Last night, I somehow found myself clicking on the following David Icke video, which addresses many layers of the carefully orchestrated refugee crisis. I don’t often do much with Icke, but I really appreciated him addressing the hypocrisy of David Cameron (and others) talking about how “the solution to the refugee crisis is to bring peace to the Middle East.” The words sound nice, and most of us would probably agree with them; however, Icke highlights the actions behind the words and how collective outrage over the photo with the little boy is being propagandized to bring “peace” to the Middle East by forcing Parliament to allow the UK to join the US and Turkey in bombing Syria. Into peace. Arming “rebels,” aka ISIS, aka fundamentalist Muslims from whom the refugees are fleeing. Orwellian doublespeak to the max.
The cognitive dissonance is beyond staggering whenever I mention to “peace lovers” about Obama droning babies and wedding parties. Illegally invading Libya. Fomenting “civil war” in Syria. Blank stares and MSNBC talking points. Obama the Nobel Peace Prize winner. See no evil, hear no evil, speak no evil. “La la la, I can’t hear you, but I got you an Obama 2012 sign for your yard.” As the world’s heart finally opens to what the Western military has been doing for decades in the Middle East, please, please, please … don’t allow this compassion to be turned into cries for even more war. Let the insanity stop, drop, and roll off stage and out of the theater for good.
Anyway, here’s David Icke with a bigger picture, many layered and nuanced take on the crisis:
After watching this video, which largely echoed my own initial thoughts and feelings but from a UK perspective, I got to wondering about Z Budapest. The reasons for that non-sequitur will soon become apparent. For those who don’t know Zsuzsanna Budapest, she’s the woman who fought for 9 years at the Supreme Court level to make tarot reading legal in the US. Yes, not so long ago, “fortune telling” was illegal, along with other restrictions on women counseling each other using traditional Women’s Wisdom — “witchcraft laws” specifically undermining women. In 1975, Z was arrested for performing a tarot reading for an undercover cop, and it took nearly a decade of appeals to change the arcane law that landed her in jail.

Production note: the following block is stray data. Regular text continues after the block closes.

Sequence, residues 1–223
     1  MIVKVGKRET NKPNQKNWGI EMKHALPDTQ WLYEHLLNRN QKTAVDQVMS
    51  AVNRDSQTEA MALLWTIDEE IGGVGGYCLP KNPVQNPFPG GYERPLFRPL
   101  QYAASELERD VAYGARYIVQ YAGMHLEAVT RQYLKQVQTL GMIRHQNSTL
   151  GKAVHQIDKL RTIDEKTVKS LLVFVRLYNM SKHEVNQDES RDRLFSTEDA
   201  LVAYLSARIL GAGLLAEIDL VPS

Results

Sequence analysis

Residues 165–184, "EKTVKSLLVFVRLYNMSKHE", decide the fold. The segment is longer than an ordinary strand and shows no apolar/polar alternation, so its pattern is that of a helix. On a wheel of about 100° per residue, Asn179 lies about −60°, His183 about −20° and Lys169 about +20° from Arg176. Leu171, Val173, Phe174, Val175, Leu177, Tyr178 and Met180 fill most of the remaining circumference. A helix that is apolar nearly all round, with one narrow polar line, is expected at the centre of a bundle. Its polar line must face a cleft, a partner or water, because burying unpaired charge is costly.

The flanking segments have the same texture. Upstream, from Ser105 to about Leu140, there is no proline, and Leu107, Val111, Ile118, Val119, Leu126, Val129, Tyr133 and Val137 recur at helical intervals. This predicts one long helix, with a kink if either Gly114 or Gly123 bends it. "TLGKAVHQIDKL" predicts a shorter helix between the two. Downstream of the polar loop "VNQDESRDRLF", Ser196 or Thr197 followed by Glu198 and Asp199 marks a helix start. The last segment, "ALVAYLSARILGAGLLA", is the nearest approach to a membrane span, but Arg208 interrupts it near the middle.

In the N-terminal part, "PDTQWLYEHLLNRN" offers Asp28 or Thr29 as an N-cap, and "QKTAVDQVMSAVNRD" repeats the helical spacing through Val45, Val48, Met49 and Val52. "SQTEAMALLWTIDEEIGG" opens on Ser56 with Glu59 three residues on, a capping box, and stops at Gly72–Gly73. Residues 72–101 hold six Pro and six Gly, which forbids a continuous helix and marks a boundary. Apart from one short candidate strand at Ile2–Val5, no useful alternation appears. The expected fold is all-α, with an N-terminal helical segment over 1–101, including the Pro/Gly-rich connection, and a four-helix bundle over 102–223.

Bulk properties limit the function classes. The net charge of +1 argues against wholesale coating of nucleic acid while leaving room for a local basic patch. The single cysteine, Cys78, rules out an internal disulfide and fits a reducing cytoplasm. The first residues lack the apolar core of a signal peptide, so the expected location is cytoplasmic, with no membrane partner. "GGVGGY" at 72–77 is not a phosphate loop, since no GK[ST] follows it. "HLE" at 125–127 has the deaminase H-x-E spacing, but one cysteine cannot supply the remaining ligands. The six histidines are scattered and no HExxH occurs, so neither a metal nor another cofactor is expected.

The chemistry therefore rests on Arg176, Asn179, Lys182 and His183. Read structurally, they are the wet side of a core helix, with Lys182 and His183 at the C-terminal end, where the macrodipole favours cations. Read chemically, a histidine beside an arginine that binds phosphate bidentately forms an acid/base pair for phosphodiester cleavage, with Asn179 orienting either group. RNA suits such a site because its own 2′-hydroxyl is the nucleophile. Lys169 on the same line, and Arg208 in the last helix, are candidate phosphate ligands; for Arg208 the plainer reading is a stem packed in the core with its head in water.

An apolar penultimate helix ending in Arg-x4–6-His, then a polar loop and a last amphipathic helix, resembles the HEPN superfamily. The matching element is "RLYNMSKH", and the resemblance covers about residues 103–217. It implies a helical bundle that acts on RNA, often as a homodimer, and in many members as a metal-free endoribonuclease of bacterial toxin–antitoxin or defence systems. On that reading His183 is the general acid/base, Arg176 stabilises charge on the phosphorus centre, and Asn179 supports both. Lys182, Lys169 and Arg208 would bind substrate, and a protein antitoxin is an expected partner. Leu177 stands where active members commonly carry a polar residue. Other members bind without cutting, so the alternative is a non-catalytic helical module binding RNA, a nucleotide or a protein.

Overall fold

Z has been the driving force of Dianic Wicca and a die-hard feminist for many, many Moon’s. Subtle wallflower she is not. For decades, she has led healing women’s circles and taught groups of women the old ways of protecting themselves from patriarchal aggression, including its most cowardly and demoralizing form, rape. In her books, she proudly admits to cursing rapists with impotence and nightmares, and teaching women to cast spells leading to the rapists’ capture and prosecution. She’s one tough, controversial force of nature, and her commitment to empowering women has seemingly known no bounds.
But Z Budapest was also a refugee. From Hungary, no less. Those who’ve followed the European refugee crisis know that Hungary is currently the country most overrun by droves of migrants from the Middle East. As a gateway to Europe, Hungary has so many illegal immigrants in their train stations and on the streets that the infrastructure has no means of handling or controlling the influx. They’ve tried building a wall to deter migration, but in their efforts to curb what feels like an invasion, they’ve drawn sharp criticism from the EU. People who’ve done any real research on European countries who’ve taken in large numbers of Muslims (as opposed to the mainstream media propaganda otherwise) know that most Muslim immigrants do not assimilate. They do not welcome any of the traditions of their host countries, but rather continue to join forces with each other and have babies until strong and numerous enough to demand enforcement of Sharia Law. Here’s where it gets tragically interesting and why I felt particular curiosity about Z Budapest’s take: